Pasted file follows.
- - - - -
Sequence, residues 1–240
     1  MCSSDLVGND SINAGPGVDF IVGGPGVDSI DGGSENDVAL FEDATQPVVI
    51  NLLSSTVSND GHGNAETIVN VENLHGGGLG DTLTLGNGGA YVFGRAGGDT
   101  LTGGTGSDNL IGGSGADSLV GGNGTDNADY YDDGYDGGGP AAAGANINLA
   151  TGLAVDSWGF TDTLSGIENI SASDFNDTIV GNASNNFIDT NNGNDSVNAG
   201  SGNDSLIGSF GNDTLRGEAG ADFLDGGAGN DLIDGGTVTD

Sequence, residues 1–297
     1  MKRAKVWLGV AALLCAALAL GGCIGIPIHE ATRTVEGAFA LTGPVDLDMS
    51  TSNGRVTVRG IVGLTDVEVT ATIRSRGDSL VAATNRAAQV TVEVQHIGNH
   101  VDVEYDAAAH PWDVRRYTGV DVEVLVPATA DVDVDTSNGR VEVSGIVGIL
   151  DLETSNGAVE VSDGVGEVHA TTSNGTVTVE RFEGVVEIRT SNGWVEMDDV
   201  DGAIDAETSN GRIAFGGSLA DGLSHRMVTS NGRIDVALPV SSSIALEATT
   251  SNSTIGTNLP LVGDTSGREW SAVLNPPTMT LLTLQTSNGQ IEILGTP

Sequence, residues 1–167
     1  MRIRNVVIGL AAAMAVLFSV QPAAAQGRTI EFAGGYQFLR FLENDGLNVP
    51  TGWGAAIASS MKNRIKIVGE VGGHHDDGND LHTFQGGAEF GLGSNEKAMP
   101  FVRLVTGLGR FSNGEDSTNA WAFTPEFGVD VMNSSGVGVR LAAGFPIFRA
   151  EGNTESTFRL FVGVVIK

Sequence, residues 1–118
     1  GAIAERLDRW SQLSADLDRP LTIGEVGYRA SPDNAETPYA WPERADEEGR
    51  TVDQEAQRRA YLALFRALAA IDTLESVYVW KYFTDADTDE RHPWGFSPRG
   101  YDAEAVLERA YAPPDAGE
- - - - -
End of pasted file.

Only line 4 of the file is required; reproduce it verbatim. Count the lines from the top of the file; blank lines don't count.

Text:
   101  LTGGTGSDNL IGGSGADSLV GGNGTDNADY YDDGYDGGGP AAAGANINLA